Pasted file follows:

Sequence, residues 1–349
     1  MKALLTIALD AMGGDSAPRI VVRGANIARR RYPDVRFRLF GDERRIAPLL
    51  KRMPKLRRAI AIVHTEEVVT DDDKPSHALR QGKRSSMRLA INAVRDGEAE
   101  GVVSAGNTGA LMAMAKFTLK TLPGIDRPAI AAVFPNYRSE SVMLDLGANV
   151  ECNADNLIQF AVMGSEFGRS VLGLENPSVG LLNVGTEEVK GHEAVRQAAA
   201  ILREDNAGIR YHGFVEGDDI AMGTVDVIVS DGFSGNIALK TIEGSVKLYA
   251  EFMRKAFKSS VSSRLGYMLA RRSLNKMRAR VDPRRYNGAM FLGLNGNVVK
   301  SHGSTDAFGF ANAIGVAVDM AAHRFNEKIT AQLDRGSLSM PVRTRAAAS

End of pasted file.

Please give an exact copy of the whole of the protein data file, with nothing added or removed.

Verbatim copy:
Sequence, residues 1–349
     1  MKALLTIALD AMGGDSAPRI VVRGANIARR RYPDVRFRLF GDERRIAPLL
    51  KRMPKLRRAI AIVHTEEVVT DDDKPSHALR QGKRSSMRLA INAVRDGEAE
   101  GVVSAGNTGA LMAMAKFTLK TLPGIDRPAI AAVFPNYRSE SVMLDLGANV
   151  ECNADNLIQF AVMGSEFGRS VLGLENPSVG LLNVGTEEVK GHEAVRQAAA
   201  ILREDNAGIR YHGFVEGDDI AMGTVDVIVS DGFSGNIALK TIEGSVKLYA
   251  EFMRKAFKSS VSSRLGYMLA RRSLNKMRAR VDPRRYNGAM FLGLNGNVVK
   301  SHGSTDAFGF ANAIGVAVDM AAHRFNEKIT AQLDRGSLSM PVRTRAAAS